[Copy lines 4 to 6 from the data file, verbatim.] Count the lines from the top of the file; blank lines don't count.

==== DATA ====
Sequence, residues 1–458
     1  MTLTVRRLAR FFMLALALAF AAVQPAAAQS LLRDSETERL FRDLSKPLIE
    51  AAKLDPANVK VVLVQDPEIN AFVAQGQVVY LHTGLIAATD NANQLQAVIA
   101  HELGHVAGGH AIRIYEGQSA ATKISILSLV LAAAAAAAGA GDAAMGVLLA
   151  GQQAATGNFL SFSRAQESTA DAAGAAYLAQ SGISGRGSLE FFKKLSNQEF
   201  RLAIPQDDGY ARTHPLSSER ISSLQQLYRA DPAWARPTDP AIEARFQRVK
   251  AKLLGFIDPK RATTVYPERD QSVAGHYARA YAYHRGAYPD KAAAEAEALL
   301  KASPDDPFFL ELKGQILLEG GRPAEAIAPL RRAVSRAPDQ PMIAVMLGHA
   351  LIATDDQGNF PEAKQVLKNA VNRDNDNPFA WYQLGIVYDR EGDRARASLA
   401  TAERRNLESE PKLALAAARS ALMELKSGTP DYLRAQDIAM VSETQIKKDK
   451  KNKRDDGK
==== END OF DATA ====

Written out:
   101  HELGHVAGGH AIRIYEGQSA ATKISILSLV LAAAAAAAGA GDAAMGVLLA
   151  GQQAATGNFL SFSRAQESTA DAAGAAYLAQ SGISGRGSLE FFKKLSNQEF
   201  RLAIPQDDGY ARTHPLSSER ISSLQQLYRA DPAWARPTDP AIEARFQRVK